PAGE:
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RFC 6762

Multicast DNS

Pages: 70
Proposed Standard
Part 4 of 4 – Pages 56 to 70
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Top   ToC   RFC6762 - Page 56   prevText

24. References

24.1. Normative References

[MC4] IANA, "IPv4 Multicast Address Space Registry", <>. [MC6] IANA, "IPv6 Multicast Address Space Registry", < ipv6-multicast-addresses/>. [RFC0020] Cerf, V., "ASCII format for network interchange", RFC 20, October 1969. [RFC1034] Mockapetris, P., "Domain names - concepts and facilities", STD 13, RFC 1034, November 1987. [RFC1035] Mockapetris, P., "Domain names - implementation and specification", STD 13, RFC 1035, November 1987.
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   [RFC2119]  Bradner, S., "Key words for use in RFCs to Indicate
              Requirement Levels", BCP 14, RFC 2119, March 1997.

   [RFC3629]  Yergeau, F., "UTF-8, a transformation format of ISO
              10646", STD 63, RFC 3629, November 2003.

   [RFC4034]  Arends, R., Austein, R., Larson, M., Massey, D., and S.
              Rose, "Resource Records for the DNS Security Extensions",
              RFC 4034, March 2005.

   [RFC5198]  Klensin, J. and M. Padlipsky, "Unicode Format for Network
              Interchange", RFC 5198, March 2008.

   [RFC6195]  Eastlake 3rd, D., "Domain Name System (DNS) IANA
              Considerations", BCP 42, RFC 6195, March 2011.

   [RFC6761]  Cheshire, S. and M. Krochmal, "Special-Use Domain Names",
              RFC 6761, February 2013.

   [SN]       IANA, "Service Name and Transport Protocol Port Number
              Registry", <

24.2. Informative References

[B4W] "Bonjour for Windows", <>. [BJ] Apple Bonjour Open Source Software, <>. [IEEE.802.3] "Information technology - Telecommunications and information exchange between systems - Local and metropolitan area networks - Specific requirements - Part 3: Carrier Sense Multiple Access with Collision Detection (CMSA/CD) Access Method and Physical Layer Specifications", IEEE Std 802.3-2008, December 2008, <>. [IEEE.802.11] "Information technology - Telecommunications and information exchange between systems - Local and metropolitan area networks - Specific requirements - Part 11: Wireless LAN Medium Access Control (MAC) and Physical Layer (PHY) Specifications", IEEE Std 802.11-2007, June 2007, <>.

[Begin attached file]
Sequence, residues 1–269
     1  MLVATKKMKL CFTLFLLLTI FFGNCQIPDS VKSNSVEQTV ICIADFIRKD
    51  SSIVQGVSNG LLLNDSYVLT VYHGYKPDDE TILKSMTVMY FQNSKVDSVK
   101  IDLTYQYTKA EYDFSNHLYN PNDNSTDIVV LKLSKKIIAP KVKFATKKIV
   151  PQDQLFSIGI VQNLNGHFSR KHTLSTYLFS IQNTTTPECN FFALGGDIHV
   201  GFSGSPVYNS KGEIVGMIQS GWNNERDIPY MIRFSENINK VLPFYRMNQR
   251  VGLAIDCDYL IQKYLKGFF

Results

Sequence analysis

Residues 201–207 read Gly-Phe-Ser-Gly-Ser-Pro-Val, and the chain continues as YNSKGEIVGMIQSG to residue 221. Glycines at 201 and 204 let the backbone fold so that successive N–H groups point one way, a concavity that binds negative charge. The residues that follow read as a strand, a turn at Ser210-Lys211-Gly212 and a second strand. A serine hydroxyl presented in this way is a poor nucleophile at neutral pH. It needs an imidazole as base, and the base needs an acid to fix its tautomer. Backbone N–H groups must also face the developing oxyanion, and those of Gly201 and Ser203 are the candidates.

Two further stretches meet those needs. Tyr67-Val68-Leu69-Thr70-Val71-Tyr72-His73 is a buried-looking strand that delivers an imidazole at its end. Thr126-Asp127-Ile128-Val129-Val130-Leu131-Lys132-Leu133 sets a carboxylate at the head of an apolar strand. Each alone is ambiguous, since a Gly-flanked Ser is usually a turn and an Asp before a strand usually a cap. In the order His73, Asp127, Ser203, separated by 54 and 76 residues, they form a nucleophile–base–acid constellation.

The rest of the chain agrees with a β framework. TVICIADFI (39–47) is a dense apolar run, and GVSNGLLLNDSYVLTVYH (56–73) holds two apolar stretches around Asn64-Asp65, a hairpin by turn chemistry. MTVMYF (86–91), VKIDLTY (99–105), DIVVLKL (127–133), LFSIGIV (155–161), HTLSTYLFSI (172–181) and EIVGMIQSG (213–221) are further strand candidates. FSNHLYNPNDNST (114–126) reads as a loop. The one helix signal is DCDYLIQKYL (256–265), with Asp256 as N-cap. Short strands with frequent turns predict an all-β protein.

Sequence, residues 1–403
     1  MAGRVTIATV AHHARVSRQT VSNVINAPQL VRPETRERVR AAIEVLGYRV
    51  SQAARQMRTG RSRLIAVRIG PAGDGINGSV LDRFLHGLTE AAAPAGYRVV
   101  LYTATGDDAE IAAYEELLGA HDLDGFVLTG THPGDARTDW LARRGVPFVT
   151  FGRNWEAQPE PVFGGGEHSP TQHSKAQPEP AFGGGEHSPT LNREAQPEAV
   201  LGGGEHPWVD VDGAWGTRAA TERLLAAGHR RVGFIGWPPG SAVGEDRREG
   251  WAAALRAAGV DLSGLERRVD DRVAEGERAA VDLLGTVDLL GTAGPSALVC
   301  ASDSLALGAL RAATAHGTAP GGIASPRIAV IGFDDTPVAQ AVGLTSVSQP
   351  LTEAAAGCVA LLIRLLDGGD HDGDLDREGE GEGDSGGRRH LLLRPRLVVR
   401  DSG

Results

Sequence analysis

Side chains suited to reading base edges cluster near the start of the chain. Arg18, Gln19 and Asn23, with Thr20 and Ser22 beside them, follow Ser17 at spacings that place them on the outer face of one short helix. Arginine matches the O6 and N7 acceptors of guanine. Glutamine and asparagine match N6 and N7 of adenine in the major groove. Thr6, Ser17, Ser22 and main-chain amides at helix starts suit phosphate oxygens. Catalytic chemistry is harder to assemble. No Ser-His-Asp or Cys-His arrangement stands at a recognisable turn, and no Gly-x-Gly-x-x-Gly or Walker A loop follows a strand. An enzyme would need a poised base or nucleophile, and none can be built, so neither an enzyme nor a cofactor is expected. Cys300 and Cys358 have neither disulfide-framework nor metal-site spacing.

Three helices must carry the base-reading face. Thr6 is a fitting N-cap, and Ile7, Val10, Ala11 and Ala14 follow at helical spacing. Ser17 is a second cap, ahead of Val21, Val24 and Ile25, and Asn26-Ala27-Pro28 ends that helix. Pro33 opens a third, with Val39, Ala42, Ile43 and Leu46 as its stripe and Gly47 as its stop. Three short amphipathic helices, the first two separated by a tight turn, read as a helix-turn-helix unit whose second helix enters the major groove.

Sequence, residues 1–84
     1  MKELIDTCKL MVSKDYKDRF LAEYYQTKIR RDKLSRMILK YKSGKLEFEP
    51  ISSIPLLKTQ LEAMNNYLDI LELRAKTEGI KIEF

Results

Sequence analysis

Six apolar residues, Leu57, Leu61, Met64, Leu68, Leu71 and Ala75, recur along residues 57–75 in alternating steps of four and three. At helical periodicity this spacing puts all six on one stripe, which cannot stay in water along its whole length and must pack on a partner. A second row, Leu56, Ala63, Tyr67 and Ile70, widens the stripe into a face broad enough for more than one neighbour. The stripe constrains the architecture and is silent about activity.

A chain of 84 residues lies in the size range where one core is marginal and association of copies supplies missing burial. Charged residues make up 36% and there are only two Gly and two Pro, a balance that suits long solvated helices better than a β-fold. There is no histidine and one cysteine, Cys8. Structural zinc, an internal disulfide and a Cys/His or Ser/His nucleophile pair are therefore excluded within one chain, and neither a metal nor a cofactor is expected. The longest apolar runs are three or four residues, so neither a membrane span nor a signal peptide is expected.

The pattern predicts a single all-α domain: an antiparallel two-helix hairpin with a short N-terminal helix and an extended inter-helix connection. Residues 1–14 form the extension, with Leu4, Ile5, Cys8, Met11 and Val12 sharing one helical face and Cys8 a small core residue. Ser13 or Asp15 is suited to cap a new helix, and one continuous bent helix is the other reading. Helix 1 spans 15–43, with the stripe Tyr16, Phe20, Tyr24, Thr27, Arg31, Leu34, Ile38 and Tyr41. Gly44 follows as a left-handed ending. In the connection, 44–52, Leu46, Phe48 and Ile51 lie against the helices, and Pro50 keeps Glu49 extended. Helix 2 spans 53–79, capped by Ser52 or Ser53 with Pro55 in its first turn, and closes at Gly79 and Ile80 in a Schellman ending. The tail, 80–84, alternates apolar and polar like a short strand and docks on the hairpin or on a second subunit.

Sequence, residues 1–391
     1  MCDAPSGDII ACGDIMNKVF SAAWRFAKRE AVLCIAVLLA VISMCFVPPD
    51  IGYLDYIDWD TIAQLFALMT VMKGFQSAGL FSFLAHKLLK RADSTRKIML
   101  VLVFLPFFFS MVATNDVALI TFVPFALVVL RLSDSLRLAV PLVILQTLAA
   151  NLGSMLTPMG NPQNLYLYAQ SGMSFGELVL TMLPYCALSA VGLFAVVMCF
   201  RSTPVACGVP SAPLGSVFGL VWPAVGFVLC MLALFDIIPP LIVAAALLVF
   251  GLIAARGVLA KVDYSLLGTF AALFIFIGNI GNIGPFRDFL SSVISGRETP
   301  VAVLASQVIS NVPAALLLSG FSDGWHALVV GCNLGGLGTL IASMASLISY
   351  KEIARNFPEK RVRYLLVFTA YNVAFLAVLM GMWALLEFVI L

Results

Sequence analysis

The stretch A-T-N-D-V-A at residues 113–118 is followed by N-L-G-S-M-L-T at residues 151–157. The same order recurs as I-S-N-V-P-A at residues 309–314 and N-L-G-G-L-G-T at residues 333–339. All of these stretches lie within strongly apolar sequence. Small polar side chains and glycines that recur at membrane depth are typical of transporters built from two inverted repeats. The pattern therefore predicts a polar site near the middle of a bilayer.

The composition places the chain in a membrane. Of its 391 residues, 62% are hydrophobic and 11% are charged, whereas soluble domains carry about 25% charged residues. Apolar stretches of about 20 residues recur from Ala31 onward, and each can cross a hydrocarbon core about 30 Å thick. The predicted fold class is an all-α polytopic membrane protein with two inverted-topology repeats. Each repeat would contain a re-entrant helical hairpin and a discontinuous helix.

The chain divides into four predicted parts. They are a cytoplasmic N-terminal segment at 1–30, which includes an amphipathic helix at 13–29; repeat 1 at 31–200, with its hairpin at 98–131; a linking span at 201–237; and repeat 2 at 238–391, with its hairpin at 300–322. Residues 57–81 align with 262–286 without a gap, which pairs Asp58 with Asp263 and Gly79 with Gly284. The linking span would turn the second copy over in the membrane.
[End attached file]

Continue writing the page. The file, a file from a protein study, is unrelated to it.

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   [Jumbo]    "Ethernet Jumbo Frames", November 2009,

   [NIAS]     Cheshire, S. "Discovering Named Instances of Abstract
              Services using DNS", Work in Progress, July 2001.

   [NSD]      "NsdManager | Android Developer", June 2012,

   [RFC2052]  Gulbrandsen, A. and P. Vixie, "A DNS RR for specifying the
              location of services (DNS SRV)", RFC 2052, October 1996.

   [RFC2132]  Alexander, S. and R. Droms, "DHCP Options and BOOTP Vendor
              Extensions", RFC 2132, March 1997.

   [RFC2136]  Vixie, P., Ed., Thomson, S., Rekhter, Y., and J. Bound,
              "Dynamic Updates in the Domain Name System (DNS UPDATE)",
              RFC 2136, April 1997.

   [RFC2181]  Elz, R. and R. Bush, "Clarifications to the DNS
              Specification", RFC 2181, July 1997.

   [RFC2535]  Eastlake 3rd, D., "Domain Name System Security
              Extensions", RFC 2535, March 1999.

   [RFC2671]  Vixie, P., "Extension Mechanisms for DNS (EDNS0)", RFC
              2671, August 1999.

   [RFC2845]  Vixie, P., Gudmundsson, O., Eastlake 3rd, D., and B.
              Wellington, "Secret Key Transaction Authentication for DNS
              (TSIG)", RFC 2845, May 2000.

   [RFC2930]  Eastlake 3rd, D., "Secret Key Establishment for DNS (TKEY
              RR)", RFC 2930, September 2000.

   [RFC2931]  Eastlake 3rd, D., "DNS Request and Transaction Signatures
              ( SIG(0)s )", RFC 2931, September 2000.

   [RFC3007]  Wellington, B., "Secure Domain Name System (DNS) Dynamic
              Update", RFC 3007, November 2000.

   [RFC3492]  Costello, A., "Punycode: A Bootstring encoding of Unicode
              for Internationalized Domain Names in Applications
              (IDNA)", RFC 3492, March 2003.
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   [RFC3927]  Cheshire, S., Aboba, B., and E. Guttman, "Dynamic
              Configuration of IPv4 Link-Local Addresses", RFC 3927, May

   [RFC4033]  Arends, R., Austein, R., Larson, M., Massey, D., and S.
              Rose, "DNS Security Introduction and Requirements", RFC
              4033, March 2005.

   [RFC4291]  Hinden, R. and S. Deering, "IP Version 6 Addressing
              Architecture", RFC 4291, February 2006.

   [RFC4795]  Aboba, B., Thaler, D., and L. Esibov, "Link-local
              Multicast Name Resolution (LLMNR)", RFC 4795, January

   [RFC4861]  Narten, T., Nordmark, E., Simpson, W., and H. Soliman,
              "Neighbor Discovery for IP version 6 (IPv6)", RFC 4861,
              September 2007.

   [RFC4862]  Thomson, S., Narten, T., and T. Jinmei, "IPv6 Stateless
              Address Autoconfiguration", RFC 4862, September 2007.

   [RFC5226]  Narten, T. and H. Alvestrand, "Guidelines for Writing an
              IANA Considerations Section in RFCs", BCP 26, RFC 5226,
              May 2008.

   [RFC5890]  Klensin, J., "Internationalized Domain Names for
              Applications (IDNA): Definitions and Document Framework",
              RFC 5890, August 2010.

   [RFC6281]  Cheshire, S., Zhu, Z., Wakikawa, R., and L. Zhang,
              "Understanding Apple's Back to My Mac (BTMM) Service", RFC
              6281, June 2011.

   [RFC6760]  Cheshire, S. and M. Krochmal, "Requirements for a Protocol
              to Replace the AppleTalk Name Binding Protocol (NBP)", RFC
              6760, February 2013.

   [RFC6763]  Cheshire, S. and M. Krochmal, "DNS-Based Service
              Discovery", RFC 6763, February 2013.

   [Zeroconf] Cheshire, S. and D. Steinberg, "Zero Configuration
              Networking: The Definitive Guide", O'Reilly Media, Inc.,